Hanford Molasses Injections
HANFORD--It's an unconventional way to treat a toxic chemical called Chromium Six. But Fluor Hanford and Pacific Northwest National Laboratory (PNNL) workers are injecting Molasses into the groundwater 86 feet below to extend the life of a chemical underground protective barrier already there.
Acting as nutrients, bacteria or microbes are supposed to then eat the molasses and reproduce. It's a method called Biostimulation.
"There's an institute chemical barrier that stops the Chromium from getting to the river," says . And that chemical barrier has been struggling a little bit," says Program Manager for Dept. of Ecology, John Price.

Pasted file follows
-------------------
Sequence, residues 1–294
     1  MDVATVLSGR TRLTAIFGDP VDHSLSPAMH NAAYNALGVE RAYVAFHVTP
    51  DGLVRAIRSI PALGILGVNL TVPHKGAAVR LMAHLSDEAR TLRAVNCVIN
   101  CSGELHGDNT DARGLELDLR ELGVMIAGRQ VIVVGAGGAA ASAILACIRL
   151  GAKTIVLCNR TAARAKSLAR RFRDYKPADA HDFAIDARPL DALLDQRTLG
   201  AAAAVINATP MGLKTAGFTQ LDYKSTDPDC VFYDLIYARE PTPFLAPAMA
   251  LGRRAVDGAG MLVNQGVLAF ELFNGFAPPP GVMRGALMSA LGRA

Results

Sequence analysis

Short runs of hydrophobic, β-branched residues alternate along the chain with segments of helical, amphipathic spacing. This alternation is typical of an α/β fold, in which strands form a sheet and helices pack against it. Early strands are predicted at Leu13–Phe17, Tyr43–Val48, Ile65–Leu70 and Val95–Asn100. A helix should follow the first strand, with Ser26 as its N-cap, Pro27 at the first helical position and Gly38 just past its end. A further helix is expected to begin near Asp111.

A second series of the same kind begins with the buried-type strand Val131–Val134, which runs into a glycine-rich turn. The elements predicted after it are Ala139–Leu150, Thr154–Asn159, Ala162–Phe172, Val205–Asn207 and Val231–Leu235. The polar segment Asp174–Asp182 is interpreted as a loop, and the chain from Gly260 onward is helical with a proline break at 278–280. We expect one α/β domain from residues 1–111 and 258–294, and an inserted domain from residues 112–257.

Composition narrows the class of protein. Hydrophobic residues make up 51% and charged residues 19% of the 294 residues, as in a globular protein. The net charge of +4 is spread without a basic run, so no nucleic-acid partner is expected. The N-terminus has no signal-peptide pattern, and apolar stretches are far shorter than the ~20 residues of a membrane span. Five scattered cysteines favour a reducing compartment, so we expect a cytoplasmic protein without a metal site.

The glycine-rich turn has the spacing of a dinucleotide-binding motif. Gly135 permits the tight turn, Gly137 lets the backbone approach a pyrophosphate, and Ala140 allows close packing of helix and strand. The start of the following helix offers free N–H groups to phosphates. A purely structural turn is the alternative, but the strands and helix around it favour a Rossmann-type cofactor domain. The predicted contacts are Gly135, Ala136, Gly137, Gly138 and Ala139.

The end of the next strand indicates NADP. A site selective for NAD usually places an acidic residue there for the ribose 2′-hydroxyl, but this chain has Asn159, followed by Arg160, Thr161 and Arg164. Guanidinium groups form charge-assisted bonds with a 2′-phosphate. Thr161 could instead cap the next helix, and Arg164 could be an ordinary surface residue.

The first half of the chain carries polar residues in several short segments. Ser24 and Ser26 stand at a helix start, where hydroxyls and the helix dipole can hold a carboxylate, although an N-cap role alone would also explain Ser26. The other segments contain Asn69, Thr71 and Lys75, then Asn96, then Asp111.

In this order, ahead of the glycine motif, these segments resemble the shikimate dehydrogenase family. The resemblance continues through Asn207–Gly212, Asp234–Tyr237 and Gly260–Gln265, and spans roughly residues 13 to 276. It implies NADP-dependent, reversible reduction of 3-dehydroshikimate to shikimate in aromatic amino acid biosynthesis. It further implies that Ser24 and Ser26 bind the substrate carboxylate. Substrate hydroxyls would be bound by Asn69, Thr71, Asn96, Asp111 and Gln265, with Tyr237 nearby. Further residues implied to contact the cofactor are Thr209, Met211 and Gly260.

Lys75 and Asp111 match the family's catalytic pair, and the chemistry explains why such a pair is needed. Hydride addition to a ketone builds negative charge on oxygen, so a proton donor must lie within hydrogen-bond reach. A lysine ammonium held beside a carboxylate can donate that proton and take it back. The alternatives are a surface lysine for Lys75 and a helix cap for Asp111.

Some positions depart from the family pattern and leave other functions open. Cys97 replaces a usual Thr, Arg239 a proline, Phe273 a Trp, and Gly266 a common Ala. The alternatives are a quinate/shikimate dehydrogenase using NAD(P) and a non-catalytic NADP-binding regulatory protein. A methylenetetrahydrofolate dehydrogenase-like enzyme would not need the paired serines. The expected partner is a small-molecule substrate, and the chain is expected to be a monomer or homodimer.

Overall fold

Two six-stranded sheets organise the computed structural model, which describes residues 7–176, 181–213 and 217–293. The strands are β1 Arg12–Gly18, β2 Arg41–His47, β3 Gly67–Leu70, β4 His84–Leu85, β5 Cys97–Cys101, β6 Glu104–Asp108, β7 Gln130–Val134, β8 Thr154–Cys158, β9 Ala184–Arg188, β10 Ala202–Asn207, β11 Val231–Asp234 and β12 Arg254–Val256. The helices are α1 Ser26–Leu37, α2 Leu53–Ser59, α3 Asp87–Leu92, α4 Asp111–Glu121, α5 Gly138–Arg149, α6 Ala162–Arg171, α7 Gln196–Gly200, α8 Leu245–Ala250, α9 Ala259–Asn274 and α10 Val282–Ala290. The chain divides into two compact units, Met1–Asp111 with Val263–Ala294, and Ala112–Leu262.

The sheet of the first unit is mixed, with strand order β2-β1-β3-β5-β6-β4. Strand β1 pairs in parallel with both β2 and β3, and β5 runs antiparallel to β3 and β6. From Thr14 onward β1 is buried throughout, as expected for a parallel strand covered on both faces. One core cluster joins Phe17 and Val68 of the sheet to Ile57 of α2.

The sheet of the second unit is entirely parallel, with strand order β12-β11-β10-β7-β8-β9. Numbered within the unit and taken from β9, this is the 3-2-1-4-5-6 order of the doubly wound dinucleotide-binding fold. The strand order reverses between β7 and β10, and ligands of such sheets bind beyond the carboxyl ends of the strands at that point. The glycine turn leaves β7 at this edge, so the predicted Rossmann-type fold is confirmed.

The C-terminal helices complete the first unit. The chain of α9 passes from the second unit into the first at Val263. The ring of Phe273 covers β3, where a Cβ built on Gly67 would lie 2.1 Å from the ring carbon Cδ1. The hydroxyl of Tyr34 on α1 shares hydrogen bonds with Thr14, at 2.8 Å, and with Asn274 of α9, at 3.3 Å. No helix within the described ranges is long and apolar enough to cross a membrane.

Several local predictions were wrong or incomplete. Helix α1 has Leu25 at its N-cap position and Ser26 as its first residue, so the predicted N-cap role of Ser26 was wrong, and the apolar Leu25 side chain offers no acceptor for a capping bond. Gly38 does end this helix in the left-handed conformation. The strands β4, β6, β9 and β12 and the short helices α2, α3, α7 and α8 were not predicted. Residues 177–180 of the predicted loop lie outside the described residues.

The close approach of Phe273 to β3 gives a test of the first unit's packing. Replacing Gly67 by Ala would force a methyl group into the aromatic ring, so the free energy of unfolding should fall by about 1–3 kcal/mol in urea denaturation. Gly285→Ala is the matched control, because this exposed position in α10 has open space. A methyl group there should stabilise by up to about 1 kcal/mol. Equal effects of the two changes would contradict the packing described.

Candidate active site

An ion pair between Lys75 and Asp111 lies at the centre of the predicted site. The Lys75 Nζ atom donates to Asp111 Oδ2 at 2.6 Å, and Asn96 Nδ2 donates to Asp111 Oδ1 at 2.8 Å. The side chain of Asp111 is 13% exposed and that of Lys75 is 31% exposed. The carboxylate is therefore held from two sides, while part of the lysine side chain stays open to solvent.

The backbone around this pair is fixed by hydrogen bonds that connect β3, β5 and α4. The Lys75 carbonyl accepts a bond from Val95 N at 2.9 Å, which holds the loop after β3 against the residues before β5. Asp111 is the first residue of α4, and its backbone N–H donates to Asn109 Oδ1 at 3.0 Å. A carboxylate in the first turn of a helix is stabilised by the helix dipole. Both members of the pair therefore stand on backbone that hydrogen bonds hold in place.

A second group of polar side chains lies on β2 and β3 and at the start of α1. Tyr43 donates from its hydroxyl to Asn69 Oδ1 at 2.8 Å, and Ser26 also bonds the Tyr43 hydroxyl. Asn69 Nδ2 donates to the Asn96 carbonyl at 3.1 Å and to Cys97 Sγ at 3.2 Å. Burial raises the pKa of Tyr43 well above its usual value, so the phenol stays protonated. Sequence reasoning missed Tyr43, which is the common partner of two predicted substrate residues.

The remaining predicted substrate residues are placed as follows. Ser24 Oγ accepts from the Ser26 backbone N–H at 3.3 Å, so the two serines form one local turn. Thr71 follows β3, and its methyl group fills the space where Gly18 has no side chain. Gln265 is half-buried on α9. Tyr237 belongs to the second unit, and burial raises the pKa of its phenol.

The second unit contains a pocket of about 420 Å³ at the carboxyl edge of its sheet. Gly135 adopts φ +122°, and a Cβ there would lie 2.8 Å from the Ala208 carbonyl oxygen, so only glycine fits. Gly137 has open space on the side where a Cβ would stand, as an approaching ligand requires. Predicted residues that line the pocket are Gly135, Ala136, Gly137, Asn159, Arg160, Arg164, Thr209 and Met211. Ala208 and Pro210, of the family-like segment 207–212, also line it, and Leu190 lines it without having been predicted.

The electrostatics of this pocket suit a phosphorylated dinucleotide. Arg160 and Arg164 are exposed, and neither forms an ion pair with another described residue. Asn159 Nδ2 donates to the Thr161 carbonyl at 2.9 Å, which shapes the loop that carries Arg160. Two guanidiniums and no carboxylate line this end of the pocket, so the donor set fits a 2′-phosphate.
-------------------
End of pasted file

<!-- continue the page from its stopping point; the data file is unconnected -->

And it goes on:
The tanker at Hanford stores 5,500 gallons of molasses. That's being pumped out to a Process Trailer which mixes with water from a supply facility. The final product is a solution of 95% water and 5% molasses. One tanker will provide 160,000 gallons of solution.
With molasses injections occuring over the next three days, bacteria will essentially be overfed. As they die, oxygen will be taken out of the water, reducing Chromium Six to Chromium 3, a non-toxic state.
"Our goal is to grow bacteria and create a barrier so as groundwater moves through this area, all those contaminants stop and stay here, rather then continue to move," according to Mike Truex, PNNL Project Engineer.